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Oxide superlattices : challenge and opportunity for correlated electron physics

Abstract :

Recent developments in experiment and in theory have revitalized the study of correlated electron materials. On the experimental side, the ability to fabricate atomic-precision oxide superlattices has opened a new frontier in materials design, allowing the wide variations of the basic parameters that control the interacting-electron behavior of solids. On the theoretical side, new concepts and techniques are making it possible to answer previously inaccessible questions, in particular making it possible to confront the new experiments directly. This talk will outline the main experimental achievements of the oxide superlattice field and their theoretical implications and sketch future prospects.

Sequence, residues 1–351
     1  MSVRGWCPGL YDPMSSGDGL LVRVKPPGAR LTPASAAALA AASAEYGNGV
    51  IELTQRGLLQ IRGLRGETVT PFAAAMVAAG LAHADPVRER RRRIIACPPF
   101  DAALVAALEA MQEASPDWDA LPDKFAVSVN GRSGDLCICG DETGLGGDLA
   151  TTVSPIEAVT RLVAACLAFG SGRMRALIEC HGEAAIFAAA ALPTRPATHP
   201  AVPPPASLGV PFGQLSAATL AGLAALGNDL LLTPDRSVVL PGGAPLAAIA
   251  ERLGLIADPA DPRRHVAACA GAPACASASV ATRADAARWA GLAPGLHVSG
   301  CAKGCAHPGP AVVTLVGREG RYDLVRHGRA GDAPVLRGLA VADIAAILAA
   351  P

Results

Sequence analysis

Professor Millis received the Ph.D. degree from MIT in 1986. From 1986 to 1996 he was first a postdoctoral and then a permanent member of technical staff at A. T. & T. (later Lucent technologies) Bell Laboratories. After leaving Bell Labs Professor Millis served on the faculties of The Johns Hopkins University and of Rutgers University, before joining Columbia University in 2001. He served as Chair of the Columbia Physics Department from 2006-2009. His recent work has helped established the theory of nonequilibrium quantum criticality, has developed and applied basic concepts in the theory of oxide heterostructures and has played a key role in the formulation and application of continuous time quantum Monte Carlo methods for interacting electron problems. Professor Millis is the author of approximately 300 scientific articles, Fellow of the American Physical Society and presently serves as the Associate Director for Physical Sciences of the Simons Foundation.